Surname Saturday: Goodwin

As this blog is about the descendants of one Major Samuel Goodwin, it’s only right that the first “Surname Saturday” post looks at the surname of Goodwin.

John Goodwin was born near London in 1683 and came to Boston in 1712.  His wife Anne and three children followed the next year along with his younger brother William, who eventually married Jane Ashfield and settled in her hometown of Marblehead, MA.  John’s wife and infant daughter died shortly after their arrival leaving John with his two sons to raise.  In 1714 he remarried, to Lydia Sprague of Malden, MA.  Their only son, Samuel, was born in Boston January 27, 1716.

Samuel Goodwin married Elizabeth Willard, the daughter of Jacob Willard and Sarah Flint, February 15, 1739.  They settled in Charlestown and became the parents of one son and six daughters.

Back in 1628, a tract of land around the Kennebec River in Maine had been appointed to the Plymouth Colony.  After paying off debts owed back in England, the colony sold the land to four Boston merchants in 1660.  They were unable to make use of the land due to Indian disorders for many years.  Finally in 1750, the Kennebec Proprietors organized and Samuel Goodwin was appointed Agent.  He made a survey of the tract and in 1752 Fort Shirley was constructed on the eastern side of the Kennebec River.  A group of German and French Huguenot immigrants were induced to settle in the area and Samuel Goodwin brought his own family from Charlestown to settle within the confines of the fort in 1756.

In 1760 Lincoln county was created from part of York county and with it, the area around Fort Shirley was incorporated as the town of Pownalborough.  In 1761, the Kennebec Proprietors voted to construct the Pownalborough Court House.  Gershom Flagg, a noted Boston architect and himeslf a Kennebec Proprietor, designed the building.  Upon its completion, Samuel Goodwin and his family became its first residents and caretakers.  After the court itself moved to Wiscasset in 1794, the Goodwin family remained in the Court House and descendants of Major Samuel and his wife Elizabeth lived there for another 160 years.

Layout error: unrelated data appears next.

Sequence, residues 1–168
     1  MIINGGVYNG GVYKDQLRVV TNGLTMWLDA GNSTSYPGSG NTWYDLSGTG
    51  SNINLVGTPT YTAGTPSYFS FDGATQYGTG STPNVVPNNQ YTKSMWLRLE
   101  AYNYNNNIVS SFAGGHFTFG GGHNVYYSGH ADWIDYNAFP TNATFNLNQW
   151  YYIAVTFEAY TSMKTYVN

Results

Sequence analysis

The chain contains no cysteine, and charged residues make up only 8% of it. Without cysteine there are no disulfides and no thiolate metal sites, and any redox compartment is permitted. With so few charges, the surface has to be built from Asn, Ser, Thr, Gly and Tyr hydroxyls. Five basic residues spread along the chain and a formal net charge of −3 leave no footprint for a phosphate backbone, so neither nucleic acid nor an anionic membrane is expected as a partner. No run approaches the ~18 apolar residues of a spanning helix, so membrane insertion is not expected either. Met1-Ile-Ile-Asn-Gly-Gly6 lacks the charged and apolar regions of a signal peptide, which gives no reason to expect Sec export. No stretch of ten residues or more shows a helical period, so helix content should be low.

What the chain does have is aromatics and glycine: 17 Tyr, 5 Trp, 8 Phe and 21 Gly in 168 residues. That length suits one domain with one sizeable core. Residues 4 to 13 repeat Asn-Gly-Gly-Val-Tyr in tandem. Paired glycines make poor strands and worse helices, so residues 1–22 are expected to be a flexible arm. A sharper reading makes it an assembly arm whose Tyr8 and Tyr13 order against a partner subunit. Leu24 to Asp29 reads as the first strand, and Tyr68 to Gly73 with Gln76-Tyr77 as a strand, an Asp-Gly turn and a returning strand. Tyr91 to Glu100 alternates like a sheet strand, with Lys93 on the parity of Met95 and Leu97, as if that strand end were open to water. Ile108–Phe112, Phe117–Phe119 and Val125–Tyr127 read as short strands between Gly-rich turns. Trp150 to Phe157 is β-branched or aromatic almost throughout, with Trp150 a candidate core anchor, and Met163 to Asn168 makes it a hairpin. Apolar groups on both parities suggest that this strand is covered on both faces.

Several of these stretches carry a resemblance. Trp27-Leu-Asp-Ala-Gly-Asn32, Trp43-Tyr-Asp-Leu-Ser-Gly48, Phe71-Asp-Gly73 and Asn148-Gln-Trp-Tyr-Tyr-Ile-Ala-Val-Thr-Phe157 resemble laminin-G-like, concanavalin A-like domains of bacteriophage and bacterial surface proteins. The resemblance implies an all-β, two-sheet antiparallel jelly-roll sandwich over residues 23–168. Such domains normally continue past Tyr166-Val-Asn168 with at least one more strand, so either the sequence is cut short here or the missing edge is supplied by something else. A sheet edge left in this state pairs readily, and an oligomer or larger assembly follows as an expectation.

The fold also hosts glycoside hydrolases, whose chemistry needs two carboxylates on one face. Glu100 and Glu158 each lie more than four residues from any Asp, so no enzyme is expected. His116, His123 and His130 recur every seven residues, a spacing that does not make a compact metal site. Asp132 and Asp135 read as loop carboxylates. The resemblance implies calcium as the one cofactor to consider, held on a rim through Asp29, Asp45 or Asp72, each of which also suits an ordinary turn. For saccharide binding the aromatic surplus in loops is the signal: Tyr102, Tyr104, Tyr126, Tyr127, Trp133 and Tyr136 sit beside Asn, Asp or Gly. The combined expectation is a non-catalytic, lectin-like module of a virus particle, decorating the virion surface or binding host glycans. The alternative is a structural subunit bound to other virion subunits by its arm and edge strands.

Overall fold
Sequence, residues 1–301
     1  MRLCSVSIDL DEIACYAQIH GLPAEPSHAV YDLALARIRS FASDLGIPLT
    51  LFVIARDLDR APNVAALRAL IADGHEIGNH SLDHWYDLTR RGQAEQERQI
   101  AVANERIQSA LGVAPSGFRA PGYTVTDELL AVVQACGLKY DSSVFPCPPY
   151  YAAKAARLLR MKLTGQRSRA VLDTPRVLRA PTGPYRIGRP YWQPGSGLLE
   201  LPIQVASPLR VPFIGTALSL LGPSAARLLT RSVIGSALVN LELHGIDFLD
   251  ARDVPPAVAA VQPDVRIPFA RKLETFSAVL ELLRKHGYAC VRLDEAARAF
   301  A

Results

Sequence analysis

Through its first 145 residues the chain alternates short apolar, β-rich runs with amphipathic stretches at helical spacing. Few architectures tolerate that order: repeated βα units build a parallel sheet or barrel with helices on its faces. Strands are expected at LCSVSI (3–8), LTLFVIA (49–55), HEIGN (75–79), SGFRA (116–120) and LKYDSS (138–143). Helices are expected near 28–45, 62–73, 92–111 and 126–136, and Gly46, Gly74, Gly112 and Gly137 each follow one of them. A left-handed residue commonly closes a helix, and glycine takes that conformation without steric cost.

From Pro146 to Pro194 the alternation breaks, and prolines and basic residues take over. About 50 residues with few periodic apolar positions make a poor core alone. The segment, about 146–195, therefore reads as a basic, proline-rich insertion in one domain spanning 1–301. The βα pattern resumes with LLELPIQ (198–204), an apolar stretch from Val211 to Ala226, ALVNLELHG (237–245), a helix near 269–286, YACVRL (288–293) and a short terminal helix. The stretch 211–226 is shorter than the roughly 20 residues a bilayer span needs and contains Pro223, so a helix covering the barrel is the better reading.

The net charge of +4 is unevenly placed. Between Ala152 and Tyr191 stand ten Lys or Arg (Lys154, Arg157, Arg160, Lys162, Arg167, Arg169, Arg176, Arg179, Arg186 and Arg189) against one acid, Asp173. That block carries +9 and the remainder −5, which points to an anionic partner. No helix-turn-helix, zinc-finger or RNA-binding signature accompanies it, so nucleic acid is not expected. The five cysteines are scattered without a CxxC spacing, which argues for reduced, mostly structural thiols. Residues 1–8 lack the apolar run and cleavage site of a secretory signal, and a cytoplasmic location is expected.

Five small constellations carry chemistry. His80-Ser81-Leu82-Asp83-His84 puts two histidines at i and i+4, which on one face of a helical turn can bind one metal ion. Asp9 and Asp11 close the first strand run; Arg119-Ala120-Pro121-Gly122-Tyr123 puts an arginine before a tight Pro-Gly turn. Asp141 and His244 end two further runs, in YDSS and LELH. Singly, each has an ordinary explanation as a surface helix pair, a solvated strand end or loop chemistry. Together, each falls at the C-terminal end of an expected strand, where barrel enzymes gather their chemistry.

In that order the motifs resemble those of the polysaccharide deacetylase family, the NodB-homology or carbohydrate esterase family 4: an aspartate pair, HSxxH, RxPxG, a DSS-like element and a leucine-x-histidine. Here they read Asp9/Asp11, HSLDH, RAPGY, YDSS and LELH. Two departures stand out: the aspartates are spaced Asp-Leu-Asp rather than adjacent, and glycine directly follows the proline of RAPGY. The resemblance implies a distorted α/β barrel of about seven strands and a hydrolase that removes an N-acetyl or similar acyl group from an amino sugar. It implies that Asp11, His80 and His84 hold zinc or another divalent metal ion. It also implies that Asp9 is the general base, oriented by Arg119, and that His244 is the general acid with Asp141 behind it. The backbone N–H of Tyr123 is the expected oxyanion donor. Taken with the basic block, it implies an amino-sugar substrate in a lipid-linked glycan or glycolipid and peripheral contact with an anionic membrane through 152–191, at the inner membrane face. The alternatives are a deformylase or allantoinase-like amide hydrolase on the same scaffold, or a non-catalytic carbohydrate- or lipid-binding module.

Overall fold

Samuel and Elizabeth had the following children:

  1. Samuel Goodwin Jr.(1739-1798) married Ann Frances Goud 1762
  2. Lydia Goodwin (1742-1812) married Robert Twycross 1764
  3. Elizabeth Goodwin, b. 1743, d. 1818
  4. Abigail Goodwin (1746-1839) married 1) Thomas Johnson 1776, married 2) William Goodwin 1790
  5. Sarah Goodwin (1749-1831) married Nathaniel Bailey 1768
  6. Mercy Goodwin (1752-after 1837) married 1) Nymphas Bodfish 1774, 2) John Hart 1803
  7. Rebecca Goodwin (1755-1831) married John Johnson 1777

My husband’s grandmother Bertha was a Goodwin and descends from the eldest son of Samuel and Elizabeth thus:

  • Samuel Goodwin Jr. m. Ann Frances Goud
  • Samuel Twycross Goodwin m. Elizabeth Holland
  • Abiel Varon Goodwin m. Susan Small
  • George Edward Goodwin m. Mary Elizabeth Thompson
  • George Abiel David Goodwin m. Johanna Henrietta Witze
  • Bertha Elizabeth Goodwin m. John Chamberlain Silver Jr.
Notes:

Webster, Hon. Henry Sewall, A. M. “Some Records of Samuel Goodwin of Pownalborough, Me., and His Descendants.” The New England Historical and Genealogical Register 67 (January 1913): 27-32.

Allen, Charles Edwin. History of Dresden, Maine : formerly a part of the old town of Pownalborough from its earliest settlement to the year 1900. Augusta, Maine : Kennebec Journal Print Shop, 1931.

Goodwin, Roy. Blog comment left in response to “Descendants of Major Samuel Goodwin.” Samuel Goodwin Family Genealogy Blog, 12 May 2010. https://goodwins.wordpress.com/descendants-of-major-samuel-goodwin/

Beerits, Henry C. and Martha Vaughan. “The Pre-Revolutionary Pownalborough Court House.”  Reprinted from the Maine State Bar Association, Bar Bulletin Vol. 17  No. 2. (A 5-page pamphlet picked up at the Court House in 2007)

Bolte, Mary.  “1761 Courthouse on the Kennebec.” (Another 6-page photocopied article picked up at the Court House.  The only attribution says “Reprinted with the permission of Down East Magazine–Camden, Maine.)